33. Shotton – Prestatyn
Distance: 23 miles
Max Altitude: 22 m
Min Altitude: 1 m
Height Gain: 254 m
Height Loss: 252 m
We had been fortunate overnight in camp. Only a few light showers but mostly dry. After saying goodbye it was time to bid farewell to Eli. I was very sad to see her go.
After taking a dose of Vitamin I (ibuprofen) for my leg, I got back on the Wales Coast Path next to the Dee at Shotton. The path was flat as far as I could see so I thought I could get some decent mileage under my feet if the weather held.
Tata steel works and Connah’s Quay Power Station dominated the skyline in front. Power lines and pylons zigzagged above.
The flat walking meant that I made it to Flint in what felt like next to no time. Unlike the Offa’s Dyke Path where my progress was slowed by the relentless hills, here I was seeing the kilometres just fall away, and that encouraged me on.
I decided to leave seeing the castle for another day in order to press on. The path entered the Flint Foreshore after that. I was walking right next to the sea, sometimes on marshland. The sun beamed down upon me.
I soon came towards the first and only mini hill of the trail section I was on, near Bagillt. There were impressive views out towards the Wirral and back to Flint but even better, a huge dragon fire beacon.
The information board told me it had been placed there by the community in 2012 to commemorate the opening of the Wales Coast Path, following the regeneration of this particular bit of the coast at Bettisfield.
If I was impressed by the dragon, I was even more impressed by the sight that next lay ahead near Llanerch-y-Mor – a rusty ship covered in street art sitting aground named The Duke of Lancaster.
It had once been a luxury passenger liner and had been brought to this location to be run as a fun ship in 1979 but the project never took off.
Its decaying exterior has been transformed by renowned graffiti artists. If I could have gone inside to explore I would have but I was on private land.
After walking past a gas terminal at the Point-of-Ayr, the next stop was Talacre, where I couldn’t resist taking this self-portrait. Sorry.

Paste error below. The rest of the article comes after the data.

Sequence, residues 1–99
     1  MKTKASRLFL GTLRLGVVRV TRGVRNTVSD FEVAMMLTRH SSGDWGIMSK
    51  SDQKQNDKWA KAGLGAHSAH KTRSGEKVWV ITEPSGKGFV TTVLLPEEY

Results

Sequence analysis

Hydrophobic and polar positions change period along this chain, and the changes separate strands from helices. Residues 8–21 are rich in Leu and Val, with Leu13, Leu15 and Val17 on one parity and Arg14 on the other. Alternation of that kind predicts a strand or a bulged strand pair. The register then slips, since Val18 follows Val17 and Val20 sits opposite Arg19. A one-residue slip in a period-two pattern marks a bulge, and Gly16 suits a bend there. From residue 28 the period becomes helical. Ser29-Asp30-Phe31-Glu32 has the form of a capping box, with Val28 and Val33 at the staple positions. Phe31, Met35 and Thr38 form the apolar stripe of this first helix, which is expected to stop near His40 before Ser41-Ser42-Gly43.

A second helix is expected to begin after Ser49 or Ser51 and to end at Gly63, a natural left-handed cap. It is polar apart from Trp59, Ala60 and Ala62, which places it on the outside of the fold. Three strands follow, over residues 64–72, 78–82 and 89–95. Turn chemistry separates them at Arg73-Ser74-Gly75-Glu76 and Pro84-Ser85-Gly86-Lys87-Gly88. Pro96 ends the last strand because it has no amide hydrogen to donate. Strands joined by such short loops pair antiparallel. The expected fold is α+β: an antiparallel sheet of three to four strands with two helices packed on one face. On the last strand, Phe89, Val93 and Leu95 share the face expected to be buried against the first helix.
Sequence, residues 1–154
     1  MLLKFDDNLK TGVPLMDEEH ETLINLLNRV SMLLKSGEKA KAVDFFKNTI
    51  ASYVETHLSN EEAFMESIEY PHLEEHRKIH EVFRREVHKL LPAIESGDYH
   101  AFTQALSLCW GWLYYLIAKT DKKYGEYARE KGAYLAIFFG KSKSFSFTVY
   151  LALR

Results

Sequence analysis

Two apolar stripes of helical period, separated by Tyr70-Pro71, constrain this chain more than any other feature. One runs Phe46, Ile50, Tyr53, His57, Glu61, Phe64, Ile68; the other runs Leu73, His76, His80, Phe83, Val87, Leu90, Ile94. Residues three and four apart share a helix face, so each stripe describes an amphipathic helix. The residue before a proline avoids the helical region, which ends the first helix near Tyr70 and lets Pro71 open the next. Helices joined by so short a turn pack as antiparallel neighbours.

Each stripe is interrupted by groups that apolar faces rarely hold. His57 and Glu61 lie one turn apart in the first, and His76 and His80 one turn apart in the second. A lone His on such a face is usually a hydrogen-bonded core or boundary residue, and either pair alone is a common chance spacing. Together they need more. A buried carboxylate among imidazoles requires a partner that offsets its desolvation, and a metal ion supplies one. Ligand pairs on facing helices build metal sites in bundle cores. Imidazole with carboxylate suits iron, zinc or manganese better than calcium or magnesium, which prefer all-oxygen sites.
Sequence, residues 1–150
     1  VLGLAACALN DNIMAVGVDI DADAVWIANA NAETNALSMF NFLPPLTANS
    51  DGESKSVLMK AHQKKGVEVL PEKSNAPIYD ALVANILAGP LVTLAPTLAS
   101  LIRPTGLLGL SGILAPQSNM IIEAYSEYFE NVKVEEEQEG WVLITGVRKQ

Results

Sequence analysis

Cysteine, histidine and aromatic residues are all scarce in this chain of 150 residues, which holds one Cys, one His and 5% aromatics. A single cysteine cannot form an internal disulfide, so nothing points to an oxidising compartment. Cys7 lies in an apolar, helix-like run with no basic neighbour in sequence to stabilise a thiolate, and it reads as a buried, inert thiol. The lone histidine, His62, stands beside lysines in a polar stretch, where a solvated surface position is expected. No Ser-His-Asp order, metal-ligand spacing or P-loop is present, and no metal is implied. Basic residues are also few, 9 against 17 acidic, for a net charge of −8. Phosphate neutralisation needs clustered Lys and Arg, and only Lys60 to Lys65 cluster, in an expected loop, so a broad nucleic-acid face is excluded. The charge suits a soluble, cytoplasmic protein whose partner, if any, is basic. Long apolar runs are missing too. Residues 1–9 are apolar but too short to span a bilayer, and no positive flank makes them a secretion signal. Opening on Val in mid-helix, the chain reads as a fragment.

Nearby was a decommissioned lighthouse, which was built way back in 1776. It sorely needs a lick of paint. I googled it and discovered that it had featured in a Dulux commercial a few years ago. I’d say it’s high time for them to return.
And not far from the lighthouse, I happened upon this washed up dead fish. I have no idea what it is but I’d very much like it to be a shark, even though it wasn’t exactly a great white.
With the pain in my feet now breaking beyond the capabilities of my vitamin I, I trudged past the manicured yet soulless Presthaven Sands resort and over the Gronant Dunes.
I was soon at my intended finish point for the day – the Nova Centre in Prestatyn, also the end of the Offa’s Dyke Path. I had reached this very point in a state of euphoria just a few days ago. I sat and watched the sunset for a while and contemplated my journey so far.
My (often inaccurate) GPS app was telling me that I had walked almost 21 miles but I suspected it was farther. So I checked the distance tables on the Wales Coast Path website to discover that I had covered a fantastic 23 miles from Shotton to Prestatyn! Feeling chuffed with my longest Walking Wales distance yet, I headed towards camp for the night, with a grin that didn’t leave my face until I fell asleep.
4 thoughts on “33. Shotton – Prestatyn”
That is a mammouth distance to cover in one day. Absolutely brilliant!!!! Loving the pics, am sure #visitWales will want them xxx
Thank you L 💜
Your strength and dedication are an inspiration. I am proud to call you friend. 😁